Ottawa Citizen

Skipping school to travel can be great for children

Parents weigh pros, cons of having kids miss class for extended vacations


TORONTO Heather Greenwood Davis has few qualms about pulling her children out of school for shortterm trips — a practice she plans to continue in future.

In fact, the Toronto-based travel writer is such a firm believer in the benefits of learning beyond the classroom that in 2011, she took a year-long globe-trotting journey with her husband and sons (then age six and eight).

Greenwood Davis documented their adventures — which spanned six continents and 29 countries — on her website, Globetrott­ing Mama.

“I know the value that travel has brought to my life, even as an adult, and how many times I’ve been places where I’ve wished: ‘Gosh, if I had seen this when they were trying to teach me out of the geography book or history book, it really would have sat with me better,”’ she said.

“Outside of strict educationa­l channels, too, we talk about socializin­g kids, instilling confidence and all of those sorts of things — and travel offers all of that.”

As a travel adviser, Sheila Gallant-Halloran of Ottawa said her busiest periods at work are when her clients are on vacation, such as March break and the summer. That’s one of the reasons the mother of two daughters, age 14 and eight, has previously allowed them to miss school to help accommodat­e the occasional family vacation, such as a fall trip to Walt Disney World or an extended break for travel around Easter.

“Work commitment is the biggest thing for me. But certainly there are price considerat­ions,” said Gallant-Halloran, luxury travel adviser with Vision Travel/Lush Life.

Having children miss several days, a week or more from school for non-essential travel may prove appealing to parents looking to squeeze in family getaways within busy work schedules or seeking to save with last-minute deals. Representa­tives for public school boards in Toronto, Montreal and Vancouver told The Canadian Press that cases are addressed on an individual basis, and the decision on whether kids will miss class ultimately rests with the parents, provided they obtain proper clearances from school officials.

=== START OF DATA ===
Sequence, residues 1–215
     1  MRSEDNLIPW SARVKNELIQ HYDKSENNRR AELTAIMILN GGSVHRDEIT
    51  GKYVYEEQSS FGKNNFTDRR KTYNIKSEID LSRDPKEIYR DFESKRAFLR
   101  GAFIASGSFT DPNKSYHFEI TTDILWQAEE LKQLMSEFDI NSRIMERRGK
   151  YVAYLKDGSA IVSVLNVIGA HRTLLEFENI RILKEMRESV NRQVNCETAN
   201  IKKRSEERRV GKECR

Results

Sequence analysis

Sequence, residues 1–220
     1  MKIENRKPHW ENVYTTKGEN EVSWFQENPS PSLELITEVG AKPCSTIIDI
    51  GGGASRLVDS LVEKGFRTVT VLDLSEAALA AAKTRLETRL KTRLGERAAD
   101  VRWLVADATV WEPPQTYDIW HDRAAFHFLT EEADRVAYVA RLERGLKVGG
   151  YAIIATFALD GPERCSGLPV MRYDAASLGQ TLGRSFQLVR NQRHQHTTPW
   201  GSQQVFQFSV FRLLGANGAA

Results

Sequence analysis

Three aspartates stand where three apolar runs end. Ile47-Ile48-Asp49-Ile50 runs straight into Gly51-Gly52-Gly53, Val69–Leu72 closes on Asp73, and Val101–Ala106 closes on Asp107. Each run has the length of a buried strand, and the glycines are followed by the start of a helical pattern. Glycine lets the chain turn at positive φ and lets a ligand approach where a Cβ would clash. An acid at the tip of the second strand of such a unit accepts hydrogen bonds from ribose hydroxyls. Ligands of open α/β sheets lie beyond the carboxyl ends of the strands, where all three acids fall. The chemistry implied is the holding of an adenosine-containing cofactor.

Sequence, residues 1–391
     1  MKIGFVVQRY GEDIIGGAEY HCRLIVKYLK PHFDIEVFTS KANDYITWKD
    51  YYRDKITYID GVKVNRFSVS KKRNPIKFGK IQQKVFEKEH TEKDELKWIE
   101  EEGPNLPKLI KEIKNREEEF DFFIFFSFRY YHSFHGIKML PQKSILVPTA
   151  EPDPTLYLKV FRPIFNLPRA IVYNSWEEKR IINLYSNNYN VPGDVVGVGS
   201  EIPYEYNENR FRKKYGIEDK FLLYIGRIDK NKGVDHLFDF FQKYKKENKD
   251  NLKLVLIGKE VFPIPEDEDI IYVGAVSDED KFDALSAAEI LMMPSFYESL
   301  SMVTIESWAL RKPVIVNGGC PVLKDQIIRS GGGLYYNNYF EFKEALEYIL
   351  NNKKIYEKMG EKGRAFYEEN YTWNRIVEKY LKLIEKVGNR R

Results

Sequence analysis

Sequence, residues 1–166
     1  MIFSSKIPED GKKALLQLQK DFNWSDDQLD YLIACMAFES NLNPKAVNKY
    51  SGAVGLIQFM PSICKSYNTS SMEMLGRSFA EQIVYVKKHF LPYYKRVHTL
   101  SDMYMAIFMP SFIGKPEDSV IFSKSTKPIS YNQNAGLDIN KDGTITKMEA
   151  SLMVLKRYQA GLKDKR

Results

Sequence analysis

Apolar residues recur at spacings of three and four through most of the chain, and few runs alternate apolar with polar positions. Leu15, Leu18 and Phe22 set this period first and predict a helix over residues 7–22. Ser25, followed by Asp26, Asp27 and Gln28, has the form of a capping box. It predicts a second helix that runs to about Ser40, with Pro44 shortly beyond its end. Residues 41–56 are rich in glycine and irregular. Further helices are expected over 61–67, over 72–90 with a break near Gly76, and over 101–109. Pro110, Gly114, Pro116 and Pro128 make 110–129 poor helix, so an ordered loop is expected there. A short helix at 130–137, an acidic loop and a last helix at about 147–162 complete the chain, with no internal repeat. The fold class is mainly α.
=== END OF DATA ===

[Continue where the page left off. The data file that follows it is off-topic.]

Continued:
“Teachers often do get requests for homework when students are going to be away, and it does require additional work for the teacher planning what activities will be meaningful for a student when they’re not in class, and trying to make sure that they do get caught up on assessment­s,” said Dianne Woloschuk, president of the Canadian Teachers’ Federation.

Woloschuk, who has 35 years of teaching experience in Saskatchew­an, also noted that “vacations can have education value.”

“I guess it depends a lot on how the parents will approach that,” said Woloschuk, adding that she thinks teachers would be concerned about students who are struggling missing school for a vacation.

Gallant-Halloran said she contacts teachers in advance and confirms her kids will cover the work they miss. She recalled one year when they travelled to Disney and one of her kids was assigned by a teacher to complete work as she toured Epcot Center, which features internatio­nal pavilions, tying in an aspect of what was being learned in school directly to the trip.

“They know it’s a benefit to be able to extend their vacation, extend their knowledge by going on vacation and learning about other cultures, or just having time together as a family. But schoolwork comes first,” said Gallant-Halloran. “So we have to make sure that if we do take them out of school, they can quickly catch up and that they don’t miss any important learning.”

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